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  • Taipei on the Run

    Posted on May 12th, 2009 Michele Sun No comments

    The annual ING Bay to Breakers is coming up this weekend, and no way that I am going to miss this San Francisco signature event. To run 12K with a pack of fun participants in creative and flambount costumes, flying tortilla, and some not so beautiful nude runners, makes it one of its kind event. I actually look forward to this race every spring, and hope this time will run into my friend Jesse who lives in San Francisco.

    Jesse used to live in Connecticut and about 10 years ago he moved to Taiwan to seek alternative medical treatment for his Ankylosing spondylitis. Just to think the ordeal and pain he has gone through in his life, and the way he pushed himself through all the painful exercise and rehabs, I can’t help but admire his strength and courage.

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    Summer of 2007 I was in Taiwan for a extensive job orientation, the non-stop “plum rains”, common drizzly rains at the end of spring in Asia, has totally messed up my running routines — running on the street in Taipei. I tried to run at the local 24Hr Fitness instead, but any runner can tell you that running on a treadmill for 20 minutes is harder than running 2 hours outdoor. As a result, I actually watched the second half of a NBA game which I never done before :-p

    When the rain finally ceased, I called up Jesse and told him that I needed a long run buddy. Jesse has done the ING Taipei Marathon and a dedicated runner for years, so I was very grateful and in-debt that he not only mapped out a course for me but actually came out to do a long run with me, in hot (36 °C/ 98 °F) and humid Taipei. We met at 6:30am outside of the MRT Taipei City Hall station, and started out toward the Riverside Park. The plan was to run along KeeLung River, then toward TamSui River, from SongShan to GuanDo/TamSui; our goal was to run at least 25KM depending on how well I could handle the heat.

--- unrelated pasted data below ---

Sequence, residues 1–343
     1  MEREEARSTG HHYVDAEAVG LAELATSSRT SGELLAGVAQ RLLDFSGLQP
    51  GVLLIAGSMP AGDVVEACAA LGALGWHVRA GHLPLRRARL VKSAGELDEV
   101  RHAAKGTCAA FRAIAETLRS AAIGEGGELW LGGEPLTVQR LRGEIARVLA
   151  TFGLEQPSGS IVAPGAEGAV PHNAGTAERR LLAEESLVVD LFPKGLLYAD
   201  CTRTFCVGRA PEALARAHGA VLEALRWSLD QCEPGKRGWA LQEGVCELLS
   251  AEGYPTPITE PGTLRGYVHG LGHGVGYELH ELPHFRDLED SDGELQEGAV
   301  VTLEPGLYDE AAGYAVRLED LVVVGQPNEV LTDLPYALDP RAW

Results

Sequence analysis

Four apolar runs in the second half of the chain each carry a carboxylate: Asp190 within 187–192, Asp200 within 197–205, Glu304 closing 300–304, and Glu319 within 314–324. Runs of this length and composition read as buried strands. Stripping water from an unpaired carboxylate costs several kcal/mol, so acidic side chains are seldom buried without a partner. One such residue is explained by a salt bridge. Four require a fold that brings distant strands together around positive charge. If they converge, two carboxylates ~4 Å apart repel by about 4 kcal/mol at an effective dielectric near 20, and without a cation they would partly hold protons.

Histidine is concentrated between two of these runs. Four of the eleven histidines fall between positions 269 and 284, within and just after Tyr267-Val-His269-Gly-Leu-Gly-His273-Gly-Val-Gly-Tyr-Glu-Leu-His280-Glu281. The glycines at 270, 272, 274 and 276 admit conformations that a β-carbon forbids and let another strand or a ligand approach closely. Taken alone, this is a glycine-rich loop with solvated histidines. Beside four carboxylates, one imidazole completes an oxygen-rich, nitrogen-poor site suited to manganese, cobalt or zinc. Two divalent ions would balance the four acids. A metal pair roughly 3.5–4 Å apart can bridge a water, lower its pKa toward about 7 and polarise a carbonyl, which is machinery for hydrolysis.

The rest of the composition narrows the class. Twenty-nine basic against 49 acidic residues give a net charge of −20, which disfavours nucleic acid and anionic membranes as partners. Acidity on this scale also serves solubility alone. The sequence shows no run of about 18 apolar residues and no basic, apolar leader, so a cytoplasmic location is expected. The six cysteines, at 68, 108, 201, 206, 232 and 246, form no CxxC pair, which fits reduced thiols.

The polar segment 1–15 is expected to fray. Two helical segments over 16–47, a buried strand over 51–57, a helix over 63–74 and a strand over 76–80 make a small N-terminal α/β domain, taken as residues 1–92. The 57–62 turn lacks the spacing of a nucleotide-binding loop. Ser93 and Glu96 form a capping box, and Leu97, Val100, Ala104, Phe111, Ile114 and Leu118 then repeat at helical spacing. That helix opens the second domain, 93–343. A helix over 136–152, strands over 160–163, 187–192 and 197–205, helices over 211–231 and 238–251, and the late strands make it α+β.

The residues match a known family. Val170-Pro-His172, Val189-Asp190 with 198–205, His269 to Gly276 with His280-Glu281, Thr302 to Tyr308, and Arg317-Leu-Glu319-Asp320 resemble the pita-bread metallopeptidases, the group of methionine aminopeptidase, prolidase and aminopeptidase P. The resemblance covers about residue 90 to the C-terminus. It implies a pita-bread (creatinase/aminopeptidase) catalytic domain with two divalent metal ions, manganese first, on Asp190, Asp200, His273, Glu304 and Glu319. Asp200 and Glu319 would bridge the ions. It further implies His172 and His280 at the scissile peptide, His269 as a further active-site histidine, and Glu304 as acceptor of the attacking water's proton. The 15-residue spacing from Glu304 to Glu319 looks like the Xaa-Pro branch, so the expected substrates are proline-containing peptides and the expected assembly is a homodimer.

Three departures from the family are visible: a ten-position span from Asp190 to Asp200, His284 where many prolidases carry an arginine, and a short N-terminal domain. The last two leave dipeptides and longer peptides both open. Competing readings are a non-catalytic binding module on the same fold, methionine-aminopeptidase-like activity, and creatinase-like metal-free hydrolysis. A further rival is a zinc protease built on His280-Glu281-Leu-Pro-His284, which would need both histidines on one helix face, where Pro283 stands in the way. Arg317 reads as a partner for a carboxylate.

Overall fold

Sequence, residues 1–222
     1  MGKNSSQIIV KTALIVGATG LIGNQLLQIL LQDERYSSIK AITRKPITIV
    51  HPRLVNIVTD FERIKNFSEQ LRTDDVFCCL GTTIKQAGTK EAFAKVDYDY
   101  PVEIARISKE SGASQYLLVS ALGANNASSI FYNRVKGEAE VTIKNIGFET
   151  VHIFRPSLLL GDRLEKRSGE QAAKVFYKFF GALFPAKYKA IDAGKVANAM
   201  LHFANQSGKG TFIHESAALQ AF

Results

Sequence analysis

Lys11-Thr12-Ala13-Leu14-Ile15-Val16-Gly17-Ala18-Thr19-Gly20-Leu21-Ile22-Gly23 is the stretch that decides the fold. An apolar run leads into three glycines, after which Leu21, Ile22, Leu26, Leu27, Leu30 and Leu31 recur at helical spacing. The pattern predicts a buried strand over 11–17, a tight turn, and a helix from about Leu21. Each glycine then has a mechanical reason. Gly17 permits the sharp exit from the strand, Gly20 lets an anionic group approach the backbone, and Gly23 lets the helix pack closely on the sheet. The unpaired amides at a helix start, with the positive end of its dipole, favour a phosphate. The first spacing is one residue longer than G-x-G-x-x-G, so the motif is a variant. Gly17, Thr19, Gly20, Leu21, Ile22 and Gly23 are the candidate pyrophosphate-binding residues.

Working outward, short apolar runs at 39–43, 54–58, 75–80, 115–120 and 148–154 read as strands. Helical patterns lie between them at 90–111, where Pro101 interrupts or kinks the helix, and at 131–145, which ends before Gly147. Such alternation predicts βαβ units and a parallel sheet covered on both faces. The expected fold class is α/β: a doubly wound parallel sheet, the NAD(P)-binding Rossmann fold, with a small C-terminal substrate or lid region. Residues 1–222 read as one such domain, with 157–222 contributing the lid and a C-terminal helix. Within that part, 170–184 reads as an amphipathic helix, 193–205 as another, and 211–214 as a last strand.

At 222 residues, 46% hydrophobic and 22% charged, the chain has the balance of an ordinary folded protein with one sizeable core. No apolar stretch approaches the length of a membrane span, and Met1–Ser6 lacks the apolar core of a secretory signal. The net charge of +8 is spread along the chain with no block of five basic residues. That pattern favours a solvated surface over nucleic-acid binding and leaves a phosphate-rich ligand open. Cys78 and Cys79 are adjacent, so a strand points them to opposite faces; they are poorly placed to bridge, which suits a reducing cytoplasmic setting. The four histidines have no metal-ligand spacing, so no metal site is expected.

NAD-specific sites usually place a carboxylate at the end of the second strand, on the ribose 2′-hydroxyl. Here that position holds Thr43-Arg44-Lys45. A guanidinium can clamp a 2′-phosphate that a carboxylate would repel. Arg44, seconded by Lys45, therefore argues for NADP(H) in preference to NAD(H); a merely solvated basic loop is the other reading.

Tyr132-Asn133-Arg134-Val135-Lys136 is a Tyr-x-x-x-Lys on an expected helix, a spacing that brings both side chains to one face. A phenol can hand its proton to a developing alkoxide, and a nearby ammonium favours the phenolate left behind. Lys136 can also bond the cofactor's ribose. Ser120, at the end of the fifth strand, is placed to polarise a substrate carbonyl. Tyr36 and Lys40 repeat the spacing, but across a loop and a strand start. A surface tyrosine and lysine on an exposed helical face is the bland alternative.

It’s early morning and no sight of anybody except some wondering wild dogs, but was already unbearably hot. The population of marathon runners is very small in Taiwan, according to Jesse the ING had only pulled in about 2,000 participants for the actual full marathon. Compare to the States, people in Taiwan are just not very into long distance running. Since there is no running trails in Taipei, we were on bike trail instead. I could see DaJi Bridge in distance, shaped as two phoenixes, and near empty MRT running smoothly on an early weekend morning.

    My fuel belt was so insufficient in this kind of weather, so we stopped at convenient store in DaJi to refill our bottles. One will never find himself lack of convenient stores in Taipei; in fact Taiwan has the most convenience stores density in the world – one per 2500 capita; you can easily find 3 in one intersection. The brief moment of air conditioned 7 Eleven was so tempting that I seriously was considering staying inside and just enjoying some icy cold Heineken. :-p

    Thanks to Jesses, his chit chat about WiMAX and running critiques had distracted me from fainting in the heat wave. Beautiful high rise apartments on both side of the river scattered in front of the mountains like legos, and ahead of us I could see the magnificent GuanDu Temple and the beautiful red GuanDu Bridge. Continuing our run after a short stop at GuanDu Temple, we came to Chuwei where I saw the Kandelia candel for the first time in my life.

    Kandelia candel are unique and famous for their viviparous method of reproduction, which involves germinating the seeds directly on the tree and then waiting until the time is right to either drop the seeds into the mud below or float them on waves until they find a suitable environment for survival.

    It’s getting hotter and hotter, and Jesse started really worried about my condition, but I assured him over 100 times that I felt the run was costing me double or triple effort and this might actually be good for my upcoming Anchorage Marathon, June 23rd. After this long run, I would just do maintenance runs throughout the remaining of my trip in Taiwan.

    Along the trail, we barely met anyone else – it’s simply too hot to walk or bike. My face was red and burning, and body was steaming with sweat; by the time we concluded that 26KM run I am sure I looked like an over cooked red lobster. To celebrate this tiring 26KM run, I rewarded myself a grande ice coffee at Starbucks that cost me NT$350 (about $10), ouch!! Ahh….now I see why people drink iced coffee in Taiwan.

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